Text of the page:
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SPRING 2013

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Distributor's Link Magazine Spring Issue 2013 / VOL 36 / NO.2

38 THE DISTRIBUTOR’S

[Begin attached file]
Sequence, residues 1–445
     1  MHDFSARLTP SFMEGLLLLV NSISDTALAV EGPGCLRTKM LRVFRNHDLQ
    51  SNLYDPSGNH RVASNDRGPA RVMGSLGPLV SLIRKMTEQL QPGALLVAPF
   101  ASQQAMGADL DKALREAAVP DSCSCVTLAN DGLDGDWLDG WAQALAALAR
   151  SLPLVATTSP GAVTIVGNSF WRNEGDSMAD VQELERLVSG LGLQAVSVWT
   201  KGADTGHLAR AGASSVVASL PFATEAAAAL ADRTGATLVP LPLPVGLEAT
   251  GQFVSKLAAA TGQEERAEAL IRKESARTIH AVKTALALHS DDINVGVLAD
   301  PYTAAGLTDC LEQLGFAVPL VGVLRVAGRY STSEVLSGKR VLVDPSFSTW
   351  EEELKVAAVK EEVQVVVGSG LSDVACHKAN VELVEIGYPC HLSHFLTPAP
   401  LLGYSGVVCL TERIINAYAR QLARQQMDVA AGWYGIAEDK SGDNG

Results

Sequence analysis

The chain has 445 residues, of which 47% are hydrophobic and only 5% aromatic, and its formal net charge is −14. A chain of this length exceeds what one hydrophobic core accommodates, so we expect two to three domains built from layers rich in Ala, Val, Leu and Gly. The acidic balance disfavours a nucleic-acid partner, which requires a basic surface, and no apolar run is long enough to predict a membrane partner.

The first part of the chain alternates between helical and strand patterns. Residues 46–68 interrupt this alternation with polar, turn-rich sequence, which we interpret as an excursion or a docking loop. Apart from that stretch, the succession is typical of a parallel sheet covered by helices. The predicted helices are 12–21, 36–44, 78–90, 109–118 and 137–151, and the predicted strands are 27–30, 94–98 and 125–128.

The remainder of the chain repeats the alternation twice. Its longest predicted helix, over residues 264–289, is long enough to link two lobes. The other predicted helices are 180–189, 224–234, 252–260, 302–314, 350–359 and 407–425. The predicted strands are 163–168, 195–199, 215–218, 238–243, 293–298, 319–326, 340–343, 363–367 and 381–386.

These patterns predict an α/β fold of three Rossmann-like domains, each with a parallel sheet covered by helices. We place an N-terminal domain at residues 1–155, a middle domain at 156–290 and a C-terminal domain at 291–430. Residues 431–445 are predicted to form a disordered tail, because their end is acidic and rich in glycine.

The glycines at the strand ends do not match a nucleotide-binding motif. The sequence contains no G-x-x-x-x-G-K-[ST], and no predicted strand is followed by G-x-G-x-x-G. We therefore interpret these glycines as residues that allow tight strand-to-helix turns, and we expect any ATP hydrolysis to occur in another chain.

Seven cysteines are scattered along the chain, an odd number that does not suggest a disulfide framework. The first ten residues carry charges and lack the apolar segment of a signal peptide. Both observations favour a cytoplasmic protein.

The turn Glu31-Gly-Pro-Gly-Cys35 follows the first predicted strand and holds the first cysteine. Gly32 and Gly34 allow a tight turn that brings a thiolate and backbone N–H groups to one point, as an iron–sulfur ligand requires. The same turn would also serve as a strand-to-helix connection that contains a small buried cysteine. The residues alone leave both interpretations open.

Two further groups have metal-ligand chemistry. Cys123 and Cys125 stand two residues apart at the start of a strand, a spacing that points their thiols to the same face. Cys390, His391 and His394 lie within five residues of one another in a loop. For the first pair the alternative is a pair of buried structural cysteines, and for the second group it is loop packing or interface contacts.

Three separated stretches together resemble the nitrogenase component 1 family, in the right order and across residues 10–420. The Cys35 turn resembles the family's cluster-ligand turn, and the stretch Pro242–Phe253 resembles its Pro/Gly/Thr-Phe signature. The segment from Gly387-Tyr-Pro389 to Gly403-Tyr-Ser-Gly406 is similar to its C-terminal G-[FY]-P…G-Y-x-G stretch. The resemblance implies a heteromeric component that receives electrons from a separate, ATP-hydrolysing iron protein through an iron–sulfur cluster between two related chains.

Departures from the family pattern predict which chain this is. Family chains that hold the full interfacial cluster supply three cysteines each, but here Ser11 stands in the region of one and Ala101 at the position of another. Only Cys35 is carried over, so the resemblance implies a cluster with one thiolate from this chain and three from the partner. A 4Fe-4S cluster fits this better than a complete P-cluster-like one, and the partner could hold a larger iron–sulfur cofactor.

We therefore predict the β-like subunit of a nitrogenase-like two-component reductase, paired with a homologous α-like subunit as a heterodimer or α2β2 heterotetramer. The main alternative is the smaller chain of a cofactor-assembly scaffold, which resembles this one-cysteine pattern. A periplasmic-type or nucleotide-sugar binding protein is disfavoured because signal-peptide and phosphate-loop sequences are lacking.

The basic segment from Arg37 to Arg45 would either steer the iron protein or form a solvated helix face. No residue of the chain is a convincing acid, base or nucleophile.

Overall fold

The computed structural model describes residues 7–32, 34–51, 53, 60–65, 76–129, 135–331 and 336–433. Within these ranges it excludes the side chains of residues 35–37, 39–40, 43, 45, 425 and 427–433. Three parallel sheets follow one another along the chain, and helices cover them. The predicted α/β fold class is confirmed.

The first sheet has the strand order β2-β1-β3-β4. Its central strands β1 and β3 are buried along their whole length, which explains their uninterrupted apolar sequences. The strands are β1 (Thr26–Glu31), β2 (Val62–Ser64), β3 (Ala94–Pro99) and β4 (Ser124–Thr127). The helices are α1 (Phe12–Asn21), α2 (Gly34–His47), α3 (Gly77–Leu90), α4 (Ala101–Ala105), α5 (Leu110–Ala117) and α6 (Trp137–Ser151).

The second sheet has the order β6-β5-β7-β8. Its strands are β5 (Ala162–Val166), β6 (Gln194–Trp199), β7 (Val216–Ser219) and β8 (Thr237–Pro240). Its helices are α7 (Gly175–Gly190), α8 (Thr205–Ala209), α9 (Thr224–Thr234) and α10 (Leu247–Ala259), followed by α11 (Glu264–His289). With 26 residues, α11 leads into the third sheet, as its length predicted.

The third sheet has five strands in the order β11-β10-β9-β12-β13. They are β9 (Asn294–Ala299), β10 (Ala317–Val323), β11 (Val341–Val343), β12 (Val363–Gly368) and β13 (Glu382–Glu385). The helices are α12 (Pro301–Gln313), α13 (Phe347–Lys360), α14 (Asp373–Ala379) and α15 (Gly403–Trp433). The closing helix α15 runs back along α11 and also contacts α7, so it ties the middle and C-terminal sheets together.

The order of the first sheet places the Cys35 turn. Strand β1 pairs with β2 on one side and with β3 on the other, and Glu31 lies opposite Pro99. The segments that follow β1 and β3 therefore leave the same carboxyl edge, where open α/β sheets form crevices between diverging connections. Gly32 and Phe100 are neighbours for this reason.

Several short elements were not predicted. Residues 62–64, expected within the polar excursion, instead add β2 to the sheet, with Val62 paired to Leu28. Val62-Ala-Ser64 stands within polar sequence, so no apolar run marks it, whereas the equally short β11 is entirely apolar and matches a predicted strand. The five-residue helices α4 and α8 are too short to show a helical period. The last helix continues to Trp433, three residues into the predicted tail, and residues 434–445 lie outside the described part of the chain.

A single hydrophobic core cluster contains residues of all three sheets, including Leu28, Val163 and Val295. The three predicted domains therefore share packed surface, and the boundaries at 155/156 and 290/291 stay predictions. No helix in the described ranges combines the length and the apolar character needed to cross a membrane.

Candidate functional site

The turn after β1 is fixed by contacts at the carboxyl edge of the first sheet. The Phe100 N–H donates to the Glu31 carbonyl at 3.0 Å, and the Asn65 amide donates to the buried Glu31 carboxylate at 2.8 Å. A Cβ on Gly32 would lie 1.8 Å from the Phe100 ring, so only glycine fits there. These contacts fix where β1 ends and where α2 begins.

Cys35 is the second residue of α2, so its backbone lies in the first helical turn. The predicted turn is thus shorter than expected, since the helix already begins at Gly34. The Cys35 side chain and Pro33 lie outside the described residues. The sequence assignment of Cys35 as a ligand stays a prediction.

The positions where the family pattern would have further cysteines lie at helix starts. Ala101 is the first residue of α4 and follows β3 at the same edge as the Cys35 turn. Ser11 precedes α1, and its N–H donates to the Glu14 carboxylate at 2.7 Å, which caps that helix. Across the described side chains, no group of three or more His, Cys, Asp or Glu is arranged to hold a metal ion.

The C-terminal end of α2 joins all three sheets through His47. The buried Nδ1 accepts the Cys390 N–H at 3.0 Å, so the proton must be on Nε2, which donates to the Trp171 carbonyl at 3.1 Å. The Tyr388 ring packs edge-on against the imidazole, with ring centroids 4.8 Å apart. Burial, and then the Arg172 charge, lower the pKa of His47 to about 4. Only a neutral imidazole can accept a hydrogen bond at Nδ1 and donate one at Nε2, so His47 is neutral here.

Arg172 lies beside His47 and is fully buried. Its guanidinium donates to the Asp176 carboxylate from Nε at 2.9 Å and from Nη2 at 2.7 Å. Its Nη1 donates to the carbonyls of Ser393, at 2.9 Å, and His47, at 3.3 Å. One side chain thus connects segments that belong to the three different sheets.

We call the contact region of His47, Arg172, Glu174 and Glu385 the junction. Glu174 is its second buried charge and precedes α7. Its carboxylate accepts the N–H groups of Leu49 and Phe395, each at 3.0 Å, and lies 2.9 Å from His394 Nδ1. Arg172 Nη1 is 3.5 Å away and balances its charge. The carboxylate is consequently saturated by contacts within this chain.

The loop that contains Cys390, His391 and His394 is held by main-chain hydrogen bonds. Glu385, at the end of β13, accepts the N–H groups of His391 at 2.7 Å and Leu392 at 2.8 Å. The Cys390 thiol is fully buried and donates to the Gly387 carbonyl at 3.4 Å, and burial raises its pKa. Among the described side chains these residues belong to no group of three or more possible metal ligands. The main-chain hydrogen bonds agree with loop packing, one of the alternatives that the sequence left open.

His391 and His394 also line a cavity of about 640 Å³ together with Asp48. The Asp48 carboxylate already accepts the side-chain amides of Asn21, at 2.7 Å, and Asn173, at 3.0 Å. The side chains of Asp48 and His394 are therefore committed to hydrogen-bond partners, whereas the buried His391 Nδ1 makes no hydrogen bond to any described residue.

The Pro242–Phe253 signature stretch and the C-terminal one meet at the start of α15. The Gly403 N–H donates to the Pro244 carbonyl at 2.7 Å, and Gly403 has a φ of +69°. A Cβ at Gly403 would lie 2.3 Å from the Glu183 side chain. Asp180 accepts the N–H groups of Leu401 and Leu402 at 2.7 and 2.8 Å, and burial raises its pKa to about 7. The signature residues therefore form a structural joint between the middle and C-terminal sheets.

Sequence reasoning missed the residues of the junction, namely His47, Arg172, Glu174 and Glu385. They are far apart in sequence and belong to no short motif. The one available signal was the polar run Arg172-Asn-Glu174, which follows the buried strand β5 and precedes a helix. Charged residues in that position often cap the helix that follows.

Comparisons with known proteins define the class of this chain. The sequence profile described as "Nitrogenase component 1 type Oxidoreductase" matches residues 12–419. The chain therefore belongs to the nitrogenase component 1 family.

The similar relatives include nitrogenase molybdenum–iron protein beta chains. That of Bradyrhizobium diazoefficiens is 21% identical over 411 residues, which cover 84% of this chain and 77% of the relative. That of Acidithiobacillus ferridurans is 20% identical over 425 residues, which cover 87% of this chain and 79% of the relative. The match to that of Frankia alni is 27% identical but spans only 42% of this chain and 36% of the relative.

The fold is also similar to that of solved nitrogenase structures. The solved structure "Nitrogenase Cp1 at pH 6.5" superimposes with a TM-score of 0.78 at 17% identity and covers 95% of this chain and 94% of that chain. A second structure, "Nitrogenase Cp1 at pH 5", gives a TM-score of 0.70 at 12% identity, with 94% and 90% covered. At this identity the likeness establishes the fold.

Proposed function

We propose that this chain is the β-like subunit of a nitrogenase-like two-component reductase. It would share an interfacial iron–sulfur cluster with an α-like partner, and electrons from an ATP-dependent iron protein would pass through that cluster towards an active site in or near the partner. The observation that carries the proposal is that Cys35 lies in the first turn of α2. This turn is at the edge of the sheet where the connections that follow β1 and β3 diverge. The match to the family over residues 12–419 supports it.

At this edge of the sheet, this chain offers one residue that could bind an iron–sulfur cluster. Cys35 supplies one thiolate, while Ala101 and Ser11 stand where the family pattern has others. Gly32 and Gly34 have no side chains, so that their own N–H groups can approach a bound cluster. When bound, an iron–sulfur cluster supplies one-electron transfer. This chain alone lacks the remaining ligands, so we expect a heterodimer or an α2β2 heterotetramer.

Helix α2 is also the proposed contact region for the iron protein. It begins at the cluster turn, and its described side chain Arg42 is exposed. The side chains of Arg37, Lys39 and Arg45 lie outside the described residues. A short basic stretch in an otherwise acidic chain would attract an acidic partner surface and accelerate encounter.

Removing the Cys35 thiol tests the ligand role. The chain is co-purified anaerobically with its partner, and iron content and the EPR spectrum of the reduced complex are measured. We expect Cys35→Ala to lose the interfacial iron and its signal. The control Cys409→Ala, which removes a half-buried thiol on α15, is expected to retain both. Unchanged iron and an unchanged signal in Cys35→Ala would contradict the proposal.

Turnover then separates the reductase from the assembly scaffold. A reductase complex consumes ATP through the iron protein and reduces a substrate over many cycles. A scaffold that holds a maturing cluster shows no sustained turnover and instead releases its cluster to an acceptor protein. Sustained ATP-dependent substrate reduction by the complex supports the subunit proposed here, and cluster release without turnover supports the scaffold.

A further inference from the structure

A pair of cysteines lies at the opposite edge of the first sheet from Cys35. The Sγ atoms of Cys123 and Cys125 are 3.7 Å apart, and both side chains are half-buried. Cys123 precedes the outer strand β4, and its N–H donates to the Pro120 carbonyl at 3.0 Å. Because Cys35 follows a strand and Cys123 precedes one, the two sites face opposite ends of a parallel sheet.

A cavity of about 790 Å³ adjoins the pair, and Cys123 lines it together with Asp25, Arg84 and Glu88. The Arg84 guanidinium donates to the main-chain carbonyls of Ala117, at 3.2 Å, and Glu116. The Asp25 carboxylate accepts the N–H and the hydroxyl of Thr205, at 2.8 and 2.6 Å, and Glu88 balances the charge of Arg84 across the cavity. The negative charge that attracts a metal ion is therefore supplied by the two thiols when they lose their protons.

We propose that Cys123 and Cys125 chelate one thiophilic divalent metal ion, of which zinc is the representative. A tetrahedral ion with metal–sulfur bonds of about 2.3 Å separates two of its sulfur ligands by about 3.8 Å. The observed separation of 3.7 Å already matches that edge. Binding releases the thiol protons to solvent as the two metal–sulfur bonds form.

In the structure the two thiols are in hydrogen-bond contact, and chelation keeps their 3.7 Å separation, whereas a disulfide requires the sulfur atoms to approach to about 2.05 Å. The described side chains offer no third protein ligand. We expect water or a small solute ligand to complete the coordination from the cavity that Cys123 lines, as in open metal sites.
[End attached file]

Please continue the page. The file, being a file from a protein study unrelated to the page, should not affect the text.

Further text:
38 THE DISTRIBUTOR’S LINK Barnaby Myhrum Barnaby Myhrum is an Applications Engineer at Applied Bolting Technology in Bellows Falls, VT. He has over 25 years of experience in engineering and manufacturing companies in roles as an engineer, manager, executive and consultant. He earned a Bachelor of Science in Mechanical Engineering from the University of Vermont, and a Masters of Business Administration from Carnegie Mellon University. He can be reached by email at barnabym@appliedbolting.com. LESSONS FROM THE FIELD: THE PARETO PRINCIPLE AND THE RCSC SPECIFICATION The Research Council on Structural Connections (RCSC) rules the roost in structural bolting. The council consists of qualified structural engineers from academic and research institutions, practicing design engineers, suppliers and manufacturers of fastener components, fabricators, erectors and code-writing authorities. Their publication, “Specification for Structural Joints Using High- Strength Bolts” is THE standard followed in North American steel construction. Applied Bolting has a representative on the council, and we have intimate knowledge of the high-strength bolting sections of the standard. We also travel the world giving highstrength bolting clinics to engineers and iron workers, providing training to first-time users of our Squirter DTIs and troubleshooting problems in the field. It is during this troubleshooting that I have been reminded of the Pareto principle. According to Wikipedia, “The Pareto principle (also known as the 80–20 rule….) states that, for many events, roughly 80% of the effects come from 20% of the causes”. Originally conceived by Vilfredo Pareto, the principle was popularized by quality guru Joseph M. Duran. At Applied Bolting, we observe the principle when troubleshooting problems. Most of the effects come from a handful of causes. The thing is that most of those causes fall into a more general category: lack of familiarity with the RCSC specification. I’m sure that the engineers and designers are well versed in the details of the specification. But this is not always the case with the erectors and ironworkers. I have a theory as to why this is, but here is the point I want to make: significant amounts of time and money could be saved if the people on the ground were required to be conversant with the RCSC specification. ”What Torque Should I Be Using to Install These Bolts” We get this question all the time. The answer is if you are using the calibrated wrench pretensioning method, it depends on the results of the preinstallation verification. One time a caller became irate after hearing this answer. “Why won’t you just tell me what torque to use” It was obvious that he hadn’t performed the pre-installation verification. He didn’t know it was required for pretensioned bolts and therefore didn’t know what it was. He wanted me to tell him what torque to use. The root cause of this serious problem was that he wasn’t conversant with the RCSC specification. Now I’m not saying that everyone must know all 100 pages of the specification by heart. But someone in charge of installing high-strength fasteners should, at a minimum, understand the requirements of: • Section 7: Pre-Installation Verification (four pages with commentary) • Section 8: Installation (eight pages with commentary) • Section 9: Inspection (four pages with commentary) please turn to page 133

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